JOHO: Messages from the Dark

At “JOHO the Blog,” David Weinberger has a simple and very cool summary of the meaning of yesterday’s SOPA-induced blackout. “This is our Internet. We built it. We built it for us, not for you. We get to turn off the lights, not you.” Yes, indeed. It took a long time for the the Internet to smell like money to those folks who like that smell more than they like the smell of creativity, innovation, fellowship, commons, etc. Now it’s a platform for all media in digital formats that are easily replicated, therefore distribution is hard to control. Much of what flows across the Internet is freely shared by its creators, and there’s also channels for media that people pay for (like Netflix). A system that facilitates all that sharing, along with a high degree of interactivity, also makes it easy to do the natural sort of sharing that peopel will inherently do. Content providers could spend less time figuring out how to stop sharing, and more time figuring out how to build a business model that works in a social/sharing environment.  People who invest time and money in media creation and production have a right to charge for it, but we need to rethink how that works in the 21st century networked world.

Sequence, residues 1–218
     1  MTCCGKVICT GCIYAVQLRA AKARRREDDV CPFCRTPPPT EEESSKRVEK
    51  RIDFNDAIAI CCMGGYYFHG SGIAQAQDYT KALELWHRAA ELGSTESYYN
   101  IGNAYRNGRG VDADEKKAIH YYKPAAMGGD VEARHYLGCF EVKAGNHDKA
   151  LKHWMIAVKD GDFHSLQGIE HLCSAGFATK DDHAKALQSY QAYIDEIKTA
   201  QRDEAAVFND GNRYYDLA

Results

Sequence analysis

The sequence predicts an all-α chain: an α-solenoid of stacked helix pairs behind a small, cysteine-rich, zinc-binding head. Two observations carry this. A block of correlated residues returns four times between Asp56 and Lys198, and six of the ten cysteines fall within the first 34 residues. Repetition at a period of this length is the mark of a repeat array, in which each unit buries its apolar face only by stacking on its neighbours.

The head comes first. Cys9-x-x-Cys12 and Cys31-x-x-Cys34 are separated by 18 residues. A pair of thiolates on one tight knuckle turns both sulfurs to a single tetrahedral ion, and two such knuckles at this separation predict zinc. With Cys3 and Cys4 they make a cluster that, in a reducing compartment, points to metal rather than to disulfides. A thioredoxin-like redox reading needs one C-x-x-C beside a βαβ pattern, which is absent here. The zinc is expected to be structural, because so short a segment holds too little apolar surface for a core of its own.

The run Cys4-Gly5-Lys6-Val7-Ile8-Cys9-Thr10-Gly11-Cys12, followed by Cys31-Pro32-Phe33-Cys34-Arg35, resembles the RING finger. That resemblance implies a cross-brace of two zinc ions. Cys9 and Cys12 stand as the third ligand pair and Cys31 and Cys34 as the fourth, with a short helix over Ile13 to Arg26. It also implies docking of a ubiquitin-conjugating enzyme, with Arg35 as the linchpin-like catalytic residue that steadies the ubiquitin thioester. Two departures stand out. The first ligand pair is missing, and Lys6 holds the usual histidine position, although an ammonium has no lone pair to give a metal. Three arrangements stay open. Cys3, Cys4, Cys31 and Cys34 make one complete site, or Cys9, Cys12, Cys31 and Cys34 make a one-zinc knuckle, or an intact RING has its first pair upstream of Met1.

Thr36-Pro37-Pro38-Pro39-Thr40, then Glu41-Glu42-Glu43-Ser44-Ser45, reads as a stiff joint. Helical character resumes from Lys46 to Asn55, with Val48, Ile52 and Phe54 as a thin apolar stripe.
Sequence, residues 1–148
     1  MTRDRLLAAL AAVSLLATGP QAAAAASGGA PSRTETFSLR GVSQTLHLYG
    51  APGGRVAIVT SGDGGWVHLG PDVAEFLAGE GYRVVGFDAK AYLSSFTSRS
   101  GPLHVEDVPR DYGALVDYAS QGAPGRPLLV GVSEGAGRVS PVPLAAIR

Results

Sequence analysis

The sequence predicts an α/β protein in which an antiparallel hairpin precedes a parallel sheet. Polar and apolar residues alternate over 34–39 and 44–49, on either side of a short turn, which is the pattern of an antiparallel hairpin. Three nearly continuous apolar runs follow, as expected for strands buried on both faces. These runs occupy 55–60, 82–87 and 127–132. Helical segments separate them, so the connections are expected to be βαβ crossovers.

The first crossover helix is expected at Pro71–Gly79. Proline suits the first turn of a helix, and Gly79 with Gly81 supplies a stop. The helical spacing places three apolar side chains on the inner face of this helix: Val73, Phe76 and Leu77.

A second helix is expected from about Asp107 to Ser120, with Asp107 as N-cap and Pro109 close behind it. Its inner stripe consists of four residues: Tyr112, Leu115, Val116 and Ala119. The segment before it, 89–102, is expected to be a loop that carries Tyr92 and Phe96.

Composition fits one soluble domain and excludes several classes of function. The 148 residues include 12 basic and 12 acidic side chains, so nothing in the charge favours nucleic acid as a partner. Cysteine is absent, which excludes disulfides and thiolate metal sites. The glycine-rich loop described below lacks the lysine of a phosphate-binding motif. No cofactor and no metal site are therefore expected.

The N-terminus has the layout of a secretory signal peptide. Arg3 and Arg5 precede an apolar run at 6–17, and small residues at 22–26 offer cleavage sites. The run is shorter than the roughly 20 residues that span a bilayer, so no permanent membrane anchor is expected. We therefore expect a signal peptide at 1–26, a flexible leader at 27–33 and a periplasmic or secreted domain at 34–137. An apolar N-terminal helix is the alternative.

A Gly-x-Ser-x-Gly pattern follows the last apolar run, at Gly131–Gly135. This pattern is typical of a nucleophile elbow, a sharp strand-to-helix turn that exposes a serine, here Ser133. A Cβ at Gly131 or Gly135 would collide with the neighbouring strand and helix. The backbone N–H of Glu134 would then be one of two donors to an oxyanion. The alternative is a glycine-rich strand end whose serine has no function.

The case against Aaron Swartz

Max Kennerly has posted the best legal overview I’ve seen of the Aaron Swartz indictment. He analyzes whether there’s actually a case to be made, and finds many weaknesses in the indictment, concluding that “the whole case looks like the iPhone prototype saga again: a civil claim that some overly aggressive prosecutor is trying to dress up as a federal crime. JSTOR has more than adequate civil remedies for whatever transpired here.” The worse problem: “This prosecution will give every “hacker” — and I use that term in a complimentary fashion, like the UNIX hackers of old, the people who built the Internet and its tools through creativity and determination — pause before they do anything outside of a bona fide API. The chilling effects will make us all worse off.” So this relates to the ongoing question whether we can sustain the free and open character of the Internet as monied interests come increasingly into play.